There is no such thing as a “Japan Alps Brit”, any more than there was a “Spain Brit” or a “Portugal Brit”.

              • Jackthesmilingblack

                The Spectator? Isn`t that the weekly magazine with the deranged cyber stalker that assigns anyone he disagrees with an alternative race and nationality?
                Seriously Spectator, providing a forum for a person with this level of mental health issues must surely compromise your reputation as a serious publication.
                Jack, Japan Alps

                • Toby Esterházy

                  Having been to a fee-paying boarding school in Oxfordshire (or even Sandhurst) in the 1990s does not by the fact alone make you a British subject.

  • dalai guevara

    When Benedict Cumberbatch get to take off his fire fighting oufit, could he return to the script of the Assange movie please? Otherwise, there will be competition.

  • HookesLaw

    The water industry is regulated. People may think OFWAT is doing a good or a bad job, but prices are regulated.
    Since privatisation the water industry has invested about 100 billion. Twice the rate pre privatisation. It borrows a lot of money and its in the customers interest that it does so at reasonable rates.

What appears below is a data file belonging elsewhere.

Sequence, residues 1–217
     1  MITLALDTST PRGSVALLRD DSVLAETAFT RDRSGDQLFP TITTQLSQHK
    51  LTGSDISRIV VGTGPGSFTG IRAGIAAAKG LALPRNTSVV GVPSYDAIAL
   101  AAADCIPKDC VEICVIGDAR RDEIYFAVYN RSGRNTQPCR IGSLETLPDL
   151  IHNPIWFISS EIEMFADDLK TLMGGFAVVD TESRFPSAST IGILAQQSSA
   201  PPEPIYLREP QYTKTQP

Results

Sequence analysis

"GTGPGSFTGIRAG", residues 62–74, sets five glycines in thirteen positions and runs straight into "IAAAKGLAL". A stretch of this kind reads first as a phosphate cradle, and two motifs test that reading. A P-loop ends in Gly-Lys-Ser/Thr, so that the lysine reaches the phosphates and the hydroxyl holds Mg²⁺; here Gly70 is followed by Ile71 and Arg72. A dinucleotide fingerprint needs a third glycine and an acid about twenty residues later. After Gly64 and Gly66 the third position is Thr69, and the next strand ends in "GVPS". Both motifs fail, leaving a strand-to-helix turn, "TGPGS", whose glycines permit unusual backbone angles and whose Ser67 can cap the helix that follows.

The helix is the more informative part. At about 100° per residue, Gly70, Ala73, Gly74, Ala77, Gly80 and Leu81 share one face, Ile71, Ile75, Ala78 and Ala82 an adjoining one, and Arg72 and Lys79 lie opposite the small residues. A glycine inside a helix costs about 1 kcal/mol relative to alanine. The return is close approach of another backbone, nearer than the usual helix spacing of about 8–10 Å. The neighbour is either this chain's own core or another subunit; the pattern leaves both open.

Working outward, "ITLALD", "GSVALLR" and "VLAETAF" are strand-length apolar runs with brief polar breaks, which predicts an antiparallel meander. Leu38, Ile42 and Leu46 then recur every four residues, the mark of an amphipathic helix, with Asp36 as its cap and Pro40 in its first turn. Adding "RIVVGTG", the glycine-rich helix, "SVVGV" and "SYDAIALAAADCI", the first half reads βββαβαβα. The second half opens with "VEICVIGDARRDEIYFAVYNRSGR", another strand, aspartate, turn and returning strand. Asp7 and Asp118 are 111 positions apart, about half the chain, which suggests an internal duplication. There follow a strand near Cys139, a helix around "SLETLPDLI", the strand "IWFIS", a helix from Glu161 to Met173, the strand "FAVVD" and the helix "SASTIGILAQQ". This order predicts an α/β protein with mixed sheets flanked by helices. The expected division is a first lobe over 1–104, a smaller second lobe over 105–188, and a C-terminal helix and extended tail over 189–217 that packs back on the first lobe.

It is not clear to me that there is any comparison between utilities actually making profits and banks suffering bankrupting losses due to bad loans.

    My understanding is that the rate of return investors expect for water utilities is 5%. This is not extortionate.
    My further understanding is that the tax issue with utilities is that they make interest payments to other group companies and avoid tax that way. its this to me which should be looked at for all companies (I think it is) and not the aunt sally of water companies.

  • Colonel Mustard

    The ordinary working British public is like a tethered animal from which a succession of ever increasing bloodsucking entities, home grown and foreign, gorge. Their fortitude and resilience to relentless exploitation is remarkable. That pack of treacherous parasites in Westminster who were and are responsible should have long been consigned to a richly deserved fate.

    • HookesLaw

      Go out and dig a well then and dispose of your own sewage.

      • Colonel Mustard

        A silly rejoinder even for you, since the issue in debate is not the mechanics of how water is provided and sewage disposed of but who manages the mechanics and how it is charged for.

        You presumably enjoy being regularly ripped off and “talking” to utility companies through a succession of telephone menu hurdles as a benefit of the “free” market.

    • dalai guevara

      Remarkable, Colonel.
      No use of double entendre in your post. I might have to recommed you for this.

  • Smithersjones2013